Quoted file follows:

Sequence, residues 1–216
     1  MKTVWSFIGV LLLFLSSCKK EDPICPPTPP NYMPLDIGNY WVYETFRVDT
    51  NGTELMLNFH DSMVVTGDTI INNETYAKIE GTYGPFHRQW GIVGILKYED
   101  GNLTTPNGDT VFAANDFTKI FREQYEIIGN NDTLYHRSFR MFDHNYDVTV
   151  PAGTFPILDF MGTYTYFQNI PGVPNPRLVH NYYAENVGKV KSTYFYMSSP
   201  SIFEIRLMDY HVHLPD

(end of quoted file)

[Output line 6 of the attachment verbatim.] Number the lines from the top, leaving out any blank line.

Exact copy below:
   201  SIFEIRLMDY HVHLPD